Defamation – What can we learn from recent high profile celebrity trials?

What can we possibly learn from the ‘Wagatha Christie’ libel case, and the Johnny Depp v Amber Heard trial?

Both cases hinge on the value of reputation, but both have spectacularly backfired for one simple reason…

The use of social media evidence in both cases has proved costly

There are no major legal lessons to draw from either case, although to my mind they both serve as a timely reminder about saving clients from themselves. That aside, they have both shone a light on how social media and modern messaging evidence has become an important feature of modern trial practice. More importantly, perhaps, the cases demonstrate how naive complainants (and perhaps even their legal teams) still are about the potential of even the most casual, flippant or ‘under the influence’ public rant about a friend, ex-partner, colleague, or even fellow WAG to place them at a self-inflicted disadvantage.

Those who operate behind the protection of a keyboard or mobile device often lose sight of accountability and common sense, failing to remember that social media evidence is discoverable, can be forensically examined, and can hurt them in court.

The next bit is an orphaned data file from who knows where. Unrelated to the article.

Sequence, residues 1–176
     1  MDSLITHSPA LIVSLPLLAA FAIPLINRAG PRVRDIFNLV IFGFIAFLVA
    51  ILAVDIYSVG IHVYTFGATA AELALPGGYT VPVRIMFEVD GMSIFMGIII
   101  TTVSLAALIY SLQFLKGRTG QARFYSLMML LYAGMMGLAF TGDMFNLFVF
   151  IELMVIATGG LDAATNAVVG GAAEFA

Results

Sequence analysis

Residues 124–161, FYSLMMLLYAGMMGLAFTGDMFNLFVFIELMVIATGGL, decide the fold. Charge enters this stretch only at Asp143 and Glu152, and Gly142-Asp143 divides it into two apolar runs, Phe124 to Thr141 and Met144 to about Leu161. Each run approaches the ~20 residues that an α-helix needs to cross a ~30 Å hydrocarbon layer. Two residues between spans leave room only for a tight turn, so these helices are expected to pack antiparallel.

In her evidence, Coleen Rooney claimed she had no idea her original post in 2019 unmasking Rebekah Vardy as the person responsible for leaking false stories about her to the tabloids would blow up the way it did. Whilst Rebekah Vardy’s foolhardy attempts to dispose of potentially incriminating WhatsApp messages have been described as a “deliberate and calculated” campaign to prevent a fair trial.

In the somewhat confusing case of Johnny Depp v Amber Heard, contemporaneous digital evidence in the form of text messages, social posts, and emails, some of which were apparently sent under the influence of drugs and alcohol, have caused considerable harm to the reputations, and future career prospects, of both parties, in addition to their potential impact on the outcome of proceedings.

Of course, we have seen such naivety before – such as Lord McAlpine’s successful libel case against Sally Bercow after she linked him in a tweet with a TV report about sexual abuse, which wrongly implicated him.

The big lesson of course, is to never assume that anything shared online (either publicly or privately) is fully confidential, or that it is not discoverable or admissible as evidence. Also, keep in mind that a text message, email, or even voice-message is still a permanent record!